In the present study, all patients showed good compliance, with uneventful postoperative healing in both groups. Patient related factors were minimal as systemically healthy, non-smokers subjects were enrolled in the study. Currently, osseous grafting alongwith GTR is the technique with the most histologic documentation of periodontal regeneration. [8] The use of synthetically produced bone-substitute materials (i.e. alloplasts) circumvents some of the disadvantages of autogenous, allogenic, or xenogenic bone grafts. For example, autografts show unpredictable resorption; require additional surgical sites, time and costs; and result in added morbidity of the donor site, [9],[10] whereas the performance of allografts largely depends on the type and processing of donor tissue and theoretically creates a certain risk for immune-mediated rejection of the graft and the transmission of infectious diseases. [11] In addition, compared with xenogenic materials, alloplasts theoretically have the advantage that their physicochemical characteristics can be more or less adjusted to the need of the specific indication.

The surgical procedure consisted of sulcular incisions, and where possible, the papillary preservation technique with the retention of the marginal gingiva. This was followed by the reflection of full thickness mucoperiosteal flaps to expose the bony defect and to attain an adequate coverage of the treated site.

Although histologic methods have been considered as standard in assessing true periodontal regeneration, [12] due to ethical considerations and patient management limitations, [1] no histologic evidence was obtained in the present study.

Radiographic bone measurement following regenerative procedures is a non- invasive, painless alternative to direct bone measurements. A study by Wolf et al., [13] assessed the reliability of digital radiography in measuring interproximal bone loss. They found that overall measurement on the digitized images come quite close to the gold standard of intrasurgical measurement.

The measurement of intrabony defects was done with the help of RVG. The CEJ- BBD distance of intrabony defects was decreased in both the treatment procedures. The findings were comparable with the finding of Joly et al.[14] The amount of bone defect fill was more in Group II treated with periosteum as barrier membrane and with alloplastic bone graft (β-tricalcium phosphate + hydroxyapatite). Similar results were reported by Mellado et al.[15] and Singhal et al.[4] However, in Group I inconsistent results were obtained. One out of five cases showed bone loss. In Group II encouraging results were seen, four out of five cases showed greater reduction in defect size. This variation can be attributed to morphologic features of the defects, duration of healing, flap position and additional benefit of alloplastic material in regeneration.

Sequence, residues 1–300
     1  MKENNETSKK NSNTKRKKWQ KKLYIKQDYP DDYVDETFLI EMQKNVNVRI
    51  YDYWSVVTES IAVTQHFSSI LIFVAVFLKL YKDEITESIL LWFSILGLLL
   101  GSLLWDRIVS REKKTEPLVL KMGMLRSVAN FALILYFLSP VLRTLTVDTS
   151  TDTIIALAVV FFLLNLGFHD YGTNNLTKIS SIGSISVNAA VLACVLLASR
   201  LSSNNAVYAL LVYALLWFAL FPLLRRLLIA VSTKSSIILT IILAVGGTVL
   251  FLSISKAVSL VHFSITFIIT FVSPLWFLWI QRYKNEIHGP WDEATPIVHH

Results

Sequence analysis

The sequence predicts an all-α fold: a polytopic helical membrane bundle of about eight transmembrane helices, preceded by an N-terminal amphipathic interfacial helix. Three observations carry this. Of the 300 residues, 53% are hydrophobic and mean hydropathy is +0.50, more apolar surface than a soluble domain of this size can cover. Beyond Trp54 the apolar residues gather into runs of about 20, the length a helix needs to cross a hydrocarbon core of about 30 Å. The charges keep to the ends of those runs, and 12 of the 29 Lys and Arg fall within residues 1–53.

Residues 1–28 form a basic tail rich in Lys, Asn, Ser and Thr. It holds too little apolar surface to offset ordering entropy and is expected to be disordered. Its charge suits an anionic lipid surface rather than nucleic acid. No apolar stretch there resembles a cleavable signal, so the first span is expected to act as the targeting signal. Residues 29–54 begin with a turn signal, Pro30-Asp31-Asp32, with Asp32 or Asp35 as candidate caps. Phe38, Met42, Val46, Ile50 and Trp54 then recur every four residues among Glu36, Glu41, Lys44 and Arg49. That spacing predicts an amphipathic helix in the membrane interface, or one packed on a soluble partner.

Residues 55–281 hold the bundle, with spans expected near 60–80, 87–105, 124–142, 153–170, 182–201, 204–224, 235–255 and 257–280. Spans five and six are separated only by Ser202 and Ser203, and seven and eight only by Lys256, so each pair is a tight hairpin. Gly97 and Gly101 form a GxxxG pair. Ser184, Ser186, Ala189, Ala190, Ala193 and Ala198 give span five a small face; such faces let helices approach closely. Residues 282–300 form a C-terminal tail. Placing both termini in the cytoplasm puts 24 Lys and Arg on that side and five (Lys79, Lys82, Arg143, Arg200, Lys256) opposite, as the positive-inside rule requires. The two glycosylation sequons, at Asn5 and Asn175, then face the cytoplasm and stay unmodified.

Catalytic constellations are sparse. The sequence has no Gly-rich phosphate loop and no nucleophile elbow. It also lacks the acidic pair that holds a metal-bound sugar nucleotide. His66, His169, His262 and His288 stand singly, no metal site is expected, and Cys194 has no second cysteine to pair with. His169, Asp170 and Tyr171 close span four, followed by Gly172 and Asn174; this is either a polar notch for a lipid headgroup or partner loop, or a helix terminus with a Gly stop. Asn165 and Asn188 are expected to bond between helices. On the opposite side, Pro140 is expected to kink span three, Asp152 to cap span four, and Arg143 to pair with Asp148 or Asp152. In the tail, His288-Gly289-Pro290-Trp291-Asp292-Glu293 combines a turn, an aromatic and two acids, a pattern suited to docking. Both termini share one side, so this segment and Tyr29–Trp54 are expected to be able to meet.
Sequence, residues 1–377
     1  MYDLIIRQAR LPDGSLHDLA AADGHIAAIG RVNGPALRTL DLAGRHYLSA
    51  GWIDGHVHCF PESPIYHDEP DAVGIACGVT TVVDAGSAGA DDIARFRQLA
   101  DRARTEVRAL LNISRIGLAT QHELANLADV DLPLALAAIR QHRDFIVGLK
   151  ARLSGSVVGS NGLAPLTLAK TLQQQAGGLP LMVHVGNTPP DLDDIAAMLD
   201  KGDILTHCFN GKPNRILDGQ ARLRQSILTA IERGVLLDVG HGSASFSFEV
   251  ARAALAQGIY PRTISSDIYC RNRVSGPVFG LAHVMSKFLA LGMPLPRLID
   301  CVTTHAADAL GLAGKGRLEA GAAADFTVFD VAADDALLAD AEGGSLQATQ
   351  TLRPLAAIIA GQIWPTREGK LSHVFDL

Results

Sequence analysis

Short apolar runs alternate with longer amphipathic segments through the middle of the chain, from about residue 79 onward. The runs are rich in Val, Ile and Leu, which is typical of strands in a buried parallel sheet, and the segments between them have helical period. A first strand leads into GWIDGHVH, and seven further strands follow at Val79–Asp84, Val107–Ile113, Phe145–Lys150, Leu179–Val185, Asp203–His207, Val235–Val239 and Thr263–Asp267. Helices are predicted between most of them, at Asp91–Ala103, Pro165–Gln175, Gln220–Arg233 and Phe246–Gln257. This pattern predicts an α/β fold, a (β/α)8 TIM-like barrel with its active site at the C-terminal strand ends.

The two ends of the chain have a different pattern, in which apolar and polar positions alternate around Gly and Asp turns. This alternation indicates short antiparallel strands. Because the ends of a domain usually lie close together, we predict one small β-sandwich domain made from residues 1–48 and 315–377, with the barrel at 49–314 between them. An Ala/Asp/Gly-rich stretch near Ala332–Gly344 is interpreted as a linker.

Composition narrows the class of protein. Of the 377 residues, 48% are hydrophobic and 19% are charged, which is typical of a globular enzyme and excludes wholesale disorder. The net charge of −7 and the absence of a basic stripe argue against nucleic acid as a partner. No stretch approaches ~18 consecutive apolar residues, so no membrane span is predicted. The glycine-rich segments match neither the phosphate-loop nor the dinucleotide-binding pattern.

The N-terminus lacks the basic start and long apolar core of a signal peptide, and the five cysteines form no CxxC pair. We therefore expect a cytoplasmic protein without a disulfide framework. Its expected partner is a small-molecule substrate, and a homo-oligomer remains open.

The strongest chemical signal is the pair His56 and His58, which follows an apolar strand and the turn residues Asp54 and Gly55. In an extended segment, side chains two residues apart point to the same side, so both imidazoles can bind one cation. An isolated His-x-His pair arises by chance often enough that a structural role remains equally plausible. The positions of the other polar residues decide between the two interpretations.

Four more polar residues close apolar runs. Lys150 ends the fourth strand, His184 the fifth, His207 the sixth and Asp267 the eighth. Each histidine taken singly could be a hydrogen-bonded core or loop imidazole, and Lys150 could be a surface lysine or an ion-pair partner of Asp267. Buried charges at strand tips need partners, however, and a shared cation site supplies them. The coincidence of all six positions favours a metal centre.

Limitations of this study include a comparatively small sample size and short study period. Further studies with longer follow-up period and a larger sample size can be done.

 
   References Top

1.Melcher AH. On the repair potential of periodontal tissues. J Periodontol 1976;47:256-60.  Back to cited text no. 1
[PUBMED]    
2.Ishida H, Tamai S, Yajima H, Inoue K, Ohgushi H, Dohi Y. Histologic and biochemical analysis of osteogenic capacity of vascularized periosteum. Plast Reconstr Surg 1996;97:512-8.  Back to cited text no. 2
    
3.Ueno T, Kagawa T, Ishida N, Fukunaga J, Mizukawa N, Sugahara T, et al. Prefabricated bone graft induced from grafted periosteum for the repair of jaw defects: An experimental study in rabbits. J Craniomaxillofac Surg 2001;29:219-23.  Back to cited text no. 3
    
4.Singhal R, Nandlal, Kumar A, Rastogi P. Role of space provision in regeneration of localized two-wall intrabony defects using periosteal pedicle graft as an autogenous guided tissue membrane. J Periodontol 2013;84:316-24.  Back to cited text no. 4
    
5.Polimeni G, Xiropaidis AV, Wikesjö UM. Biology and principles of periodontal wound healing/regeneration. Periodontol 2000 2006;41:30-47.  Back to cited text no. 5
    
6.Bouchard P, Malet J, Borghetti A. Decision-making in aesthetics: Root coverage revisited. Periodontol 2000 2001;27:97-120.  Back to cited text no. 6
    
7.De Bari C, Dell'Accio F, Vanlauwe J, Eyckmans J, Khan IM, Archer CW, et al. Mesenchymal multipotency of adult human periosteal cells demonstrated by single-cell lineage analysis. Arthritis Rheum 2006;54:1209-21.  Back to cited text no. 7
    
8.Bowers GM, Chadroff B, Carnevale R, Mellonig J, Corio R, Emerson J, et al. Histologic evaluation of new attachment apparatus formation in humans. Part I. J Periodontol 1989;60:664-74.  Back to cited text no. 8
    
9.Hoppenreijs TJ, Nijdam ES, Freihofer HP. The chin as a donor site in early secondary osteoplasty: A retrospective clinical and radiological evaluation. J Craniomaxillofac Surg 1992;20:119-24.  Back to cited text no. 9
    
10.Taylor GI. The current status of free vascularized bone grafts. Clin Plast Surg 1983;10:185-209.  Back to cited text no. 10
[PUBMED]    
11.Stavropoulos A, Windisch P, Szendröi-Kiss D, Peter R, Gera I, Sculean A. Clinical and histologic evaluation of granular Beta-tricalcium phosphate for the treatment of human intrabony periodontal defects: A report on five cases. J Periodontol 2010;81:325-34.  Back to cited text no. 11
    
12.Aichelmann-Reidy ME, Yukana RA. Advances in periodontics, part (II). Dent Clin N Am 1998;42:42-9.  Back to cited text no. 12
    
13.Wolf B, von Bethlenfalvy E, Hassfeld S, Staehle HJ, Eickholz P. Reliability of assessing interproximal bone loss by digital radiography: Intrabony defects. J Clin Periodontol 2001;28:869-78.  Back to cited text no. 13
    
14.Joly JC, Palioto DB, de Lima AF, Mota LF, Caffesse R. Clinical and radiographic evaluation of periodontal intrabony defects treated with guided tissue regeneration. A pilot study. J Periodontol 2002;73:353-9.  Back to cited text no. 14
    
15.Mellado JR, Salkin LM, Freedman AL, Stein MD. A Comparative study of ePTFE periodontal membranes with and without decalcified freeze-dried bone allografts for the regeneration of interproximal intraosseous defects. J Periodontol 1995;66:751-5.  Back to cited text no. 15